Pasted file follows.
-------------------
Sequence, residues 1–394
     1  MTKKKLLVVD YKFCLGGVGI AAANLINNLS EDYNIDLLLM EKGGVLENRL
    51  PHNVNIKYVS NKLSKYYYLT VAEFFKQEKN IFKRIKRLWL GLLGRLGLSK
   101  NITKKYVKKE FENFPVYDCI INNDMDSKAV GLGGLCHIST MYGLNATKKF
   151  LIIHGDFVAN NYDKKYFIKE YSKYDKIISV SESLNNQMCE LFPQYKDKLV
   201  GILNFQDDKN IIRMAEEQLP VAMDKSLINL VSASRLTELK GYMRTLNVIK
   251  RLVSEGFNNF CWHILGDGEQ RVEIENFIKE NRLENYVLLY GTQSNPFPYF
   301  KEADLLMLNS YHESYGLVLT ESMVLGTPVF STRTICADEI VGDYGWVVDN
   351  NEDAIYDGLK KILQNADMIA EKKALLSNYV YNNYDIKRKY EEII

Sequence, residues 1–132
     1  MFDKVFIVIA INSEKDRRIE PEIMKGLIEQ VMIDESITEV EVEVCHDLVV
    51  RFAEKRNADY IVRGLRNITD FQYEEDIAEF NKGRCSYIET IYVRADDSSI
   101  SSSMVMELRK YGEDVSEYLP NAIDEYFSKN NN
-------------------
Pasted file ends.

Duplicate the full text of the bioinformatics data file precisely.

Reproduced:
Sequence, residues 1–394
     1  MTKKKLLVVD YKFCLGGVGI AAANLINNLS EDYNIDLLLM EKGGVLENRL
    51  PHNVNIKYVS NKLSKYYYLT VAEFFKQEKN IFKRIKRLWL GLLGRLGLSK
   101  NITKKYVKKE FENFPVYDCI INNDMDSKAV GLGGLCHIST MYGLNATKKF
   151  LIIHGDFVAN NYDKKYFIKE YSKYDKIISV SESLNNQMCE LFPQYKDKLV
   201  GILNFQDDKN IIRMAEEQLP VAMDKSLINL VSASRLTELK GYMRTLNVIK
   251  RLVSEGFNNF CWHILGDGEQ RVEIENFIKE NRLENYVLLY GTQSNPFPYF
   301  KEADLLMLNS YHESYGLVLT ESMVLGTPVF STRTICADEI VGDYGWVVDN
   351  NEDAIYDGLK KILQNADMIA EKKALLSNYV YNNYDIKRKY EEII

Sequence, residues 1–132
     1  MFDKVFIVIA INSEKDRRIE PEIMKGLIEQ VMIDESITEV EVEVCHDLVV
    51  RFAEKRNADY IVRGLRNITD FQYEEDIAEF NKGRCSYIET IYVRADDSSI
   101  SSSMVMELRK YGEDVSEYLP NAIDEYFSKN NN